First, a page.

The filters consisting of ceramic or other air permeable materials obtainable commercially, are necessary if the unit is to be operated under Water because water quenches the light. A conventional fritted glass filter which permits only air to pass through was used in this unit. The units will operate for five minutes or more under water giving time for identification of emergency hatches.
The emergency unit may be designed to fit a wide variety of containers and operating conditions. It may be automatically or remotely activated by either an electric solenoid or a non-explosive activator. After activation of the wick the light produced will provide illumination for up to 60 minutes.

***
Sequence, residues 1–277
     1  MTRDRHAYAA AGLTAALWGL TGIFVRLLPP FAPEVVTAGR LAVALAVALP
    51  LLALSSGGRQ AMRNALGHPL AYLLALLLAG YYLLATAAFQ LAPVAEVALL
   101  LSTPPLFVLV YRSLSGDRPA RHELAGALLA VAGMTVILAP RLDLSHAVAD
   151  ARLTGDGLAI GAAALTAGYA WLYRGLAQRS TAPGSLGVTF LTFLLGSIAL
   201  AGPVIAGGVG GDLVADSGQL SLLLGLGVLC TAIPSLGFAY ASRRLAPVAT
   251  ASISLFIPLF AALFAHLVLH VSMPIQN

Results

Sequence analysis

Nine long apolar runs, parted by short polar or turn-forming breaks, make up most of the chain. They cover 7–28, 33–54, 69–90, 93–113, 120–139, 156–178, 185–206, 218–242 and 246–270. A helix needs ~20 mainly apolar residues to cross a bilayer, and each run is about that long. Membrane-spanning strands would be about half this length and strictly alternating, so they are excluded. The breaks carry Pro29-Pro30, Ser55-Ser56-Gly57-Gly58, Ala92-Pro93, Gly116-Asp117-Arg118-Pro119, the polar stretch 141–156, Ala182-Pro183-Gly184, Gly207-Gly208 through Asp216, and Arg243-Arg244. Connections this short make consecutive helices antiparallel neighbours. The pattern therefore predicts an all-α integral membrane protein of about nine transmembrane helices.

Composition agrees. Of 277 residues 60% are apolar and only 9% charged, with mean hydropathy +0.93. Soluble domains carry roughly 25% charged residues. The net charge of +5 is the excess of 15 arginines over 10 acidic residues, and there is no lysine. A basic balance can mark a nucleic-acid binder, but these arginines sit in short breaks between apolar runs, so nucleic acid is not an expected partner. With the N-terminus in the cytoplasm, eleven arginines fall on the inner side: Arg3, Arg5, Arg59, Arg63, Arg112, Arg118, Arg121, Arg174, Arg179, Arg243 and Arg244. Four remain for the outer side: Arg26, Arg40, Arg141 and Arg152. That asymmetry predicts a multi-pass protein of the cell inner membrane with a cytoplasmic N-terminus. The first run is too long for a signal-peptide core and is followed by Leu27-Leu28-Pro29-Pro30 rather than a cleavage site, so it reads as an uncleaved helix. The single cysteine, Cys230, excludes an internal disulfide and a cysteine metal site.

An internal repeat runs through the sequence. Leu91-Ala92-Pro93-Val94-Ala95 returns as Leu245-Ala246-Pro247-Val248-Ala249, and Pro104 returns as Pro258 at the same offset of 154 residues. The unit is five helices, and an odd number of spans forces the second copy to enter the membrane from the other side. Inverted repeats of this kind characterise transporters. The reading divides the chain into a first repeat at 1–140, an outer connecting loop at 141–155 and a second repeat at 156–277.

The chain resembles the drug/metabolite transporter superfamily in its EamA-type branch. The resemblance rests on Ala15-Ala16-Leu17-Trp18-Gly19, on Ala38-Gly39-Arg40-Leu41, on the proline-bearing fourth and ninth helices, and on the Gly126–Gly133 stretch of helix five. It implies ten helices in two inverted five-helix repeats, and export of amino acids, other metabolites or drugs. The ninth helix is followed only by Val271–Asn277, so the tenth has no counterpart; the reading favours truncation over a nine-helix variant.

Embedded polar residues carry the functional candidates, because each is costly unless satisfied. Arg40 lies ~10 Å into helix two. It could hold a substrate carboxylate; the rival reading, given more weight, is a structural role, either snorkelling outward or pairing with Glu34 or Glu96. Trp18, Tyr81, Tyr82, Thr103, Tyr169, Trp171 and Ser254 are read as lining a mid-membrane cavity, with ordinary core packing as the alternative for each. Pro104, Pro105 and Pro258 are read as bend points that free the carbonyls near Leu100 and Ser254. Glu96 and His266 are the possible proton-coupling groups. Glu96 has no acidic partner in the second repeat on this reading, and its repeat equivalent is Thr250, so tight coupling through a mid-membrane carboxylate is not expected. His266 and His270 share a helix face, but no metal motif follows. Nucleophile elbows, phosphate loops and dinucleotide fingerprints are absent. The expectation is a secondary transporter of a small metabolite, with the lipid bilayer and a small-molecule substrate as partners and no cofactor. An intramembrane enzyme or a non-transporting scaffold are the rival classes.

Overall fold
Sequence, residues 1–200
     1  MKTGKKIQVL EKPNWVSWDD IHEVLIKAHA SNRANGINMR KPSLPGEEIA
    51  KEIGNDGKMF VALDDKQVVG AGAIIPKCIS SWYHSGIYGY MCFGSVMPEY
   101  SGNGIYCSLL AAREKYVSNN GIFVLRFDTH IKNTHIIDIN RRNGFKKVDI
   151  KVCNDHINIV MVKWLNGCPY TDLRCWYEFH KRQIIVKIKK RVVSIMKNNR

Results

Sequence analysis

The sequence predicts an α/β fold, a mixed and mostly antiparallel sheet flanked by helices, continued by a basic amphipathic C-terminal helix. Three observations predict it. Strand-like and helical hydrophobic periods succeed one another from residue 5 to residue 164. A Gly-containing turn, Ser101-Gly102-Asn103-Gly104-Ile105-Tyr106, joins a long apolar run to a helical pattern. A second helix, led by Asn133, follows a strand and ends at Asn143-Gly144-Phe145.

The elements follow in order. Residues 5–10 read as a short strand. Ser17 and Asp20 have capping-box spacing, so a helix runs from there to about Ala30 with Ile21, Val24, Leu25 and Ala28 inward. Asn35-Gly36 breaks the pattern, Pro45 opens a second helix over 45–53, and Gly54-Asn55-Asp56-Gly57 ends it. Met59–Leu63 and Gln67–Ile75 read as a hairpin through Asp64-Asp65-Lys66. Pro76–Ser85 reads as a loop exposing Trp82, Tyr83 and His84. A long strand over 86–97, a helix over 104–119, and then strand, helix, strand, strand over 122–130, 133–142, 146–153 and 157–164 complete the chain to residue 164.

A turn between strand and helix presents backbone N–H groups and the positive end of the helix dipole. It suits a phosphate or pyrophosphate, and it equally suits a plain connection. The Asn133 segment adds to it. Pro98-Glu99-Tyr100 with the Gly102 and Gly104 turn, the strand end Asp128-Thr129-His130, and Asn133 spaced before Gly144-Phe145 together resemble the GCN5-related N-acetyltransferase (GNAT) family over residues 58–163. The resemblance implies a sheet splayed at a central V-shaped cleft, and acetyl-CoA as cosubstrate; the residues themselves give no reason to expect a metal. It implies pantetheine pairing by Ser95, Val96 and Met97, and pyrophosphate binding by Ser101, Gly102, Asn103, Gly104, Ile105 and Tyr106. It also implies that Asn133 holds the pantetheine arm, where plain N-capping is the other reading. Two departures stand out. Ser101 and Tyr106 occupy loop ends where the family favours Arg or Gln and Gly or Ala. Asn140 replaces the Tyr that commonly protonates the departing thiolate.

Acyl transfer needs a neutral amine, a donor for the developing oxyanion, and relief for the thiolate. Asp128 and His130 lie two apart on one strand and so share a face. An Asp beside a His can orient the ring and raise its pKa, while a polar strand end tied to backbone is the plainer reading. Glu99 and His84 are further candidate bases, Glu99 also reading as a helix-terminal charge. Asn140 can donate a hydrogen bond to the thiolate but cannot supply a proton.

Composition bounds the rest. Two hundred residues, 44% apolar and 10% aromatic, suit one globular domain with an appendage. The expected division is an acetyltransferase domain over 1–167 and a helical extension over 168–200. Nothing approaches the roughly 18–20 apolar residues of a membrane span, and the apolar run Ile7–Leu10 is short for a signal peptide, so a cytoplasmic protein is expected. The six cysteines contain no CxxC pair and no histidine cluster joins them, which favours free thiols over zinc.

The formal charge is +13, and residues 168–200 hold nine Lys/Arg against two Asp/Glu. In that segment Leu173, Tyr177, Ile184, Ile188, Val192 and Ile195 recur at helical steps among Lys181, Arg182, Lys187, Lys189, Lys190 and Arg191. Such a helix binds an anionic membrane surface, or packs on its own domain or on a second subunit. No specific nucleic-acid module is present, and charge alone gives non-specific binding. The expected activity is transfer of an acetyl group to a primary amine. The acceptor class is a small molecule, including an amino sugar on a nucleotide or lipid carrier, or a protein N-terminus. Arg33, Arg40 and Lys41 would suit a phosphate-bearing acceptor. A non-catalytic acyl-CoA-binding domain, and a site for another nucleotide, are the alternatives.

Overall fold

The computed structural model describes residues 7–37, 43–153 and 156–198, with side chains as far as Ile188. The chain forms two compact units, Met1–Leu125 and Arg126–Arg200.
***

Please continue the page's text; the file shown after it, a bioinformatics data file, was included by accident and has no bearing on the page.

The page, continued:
The wick was made by saturating an absorbent material with tetrakis(dimethylamino)ethylene in a nitrogen or inert atmosphere. It was found that a plurality of layers of absorbent cotton material soaked with the tetrakis(di methylamino)ethylene (TMAE) gave longer time light producing characteristics than the single layered wick. Other peraminoethylenes which may be used include tetrakis N-pyrrolidinyl) ethylene, l,1',3,3-tetramethyl-4 bi(irnidazolidine) and tetrakis(dimethylamino-methyleneamino) ethylene.
The light transmitting tube can be designed to carry a self-contained oxygen supply which upon rupture would release the oxygen to activate the wick While the tube remained sealed.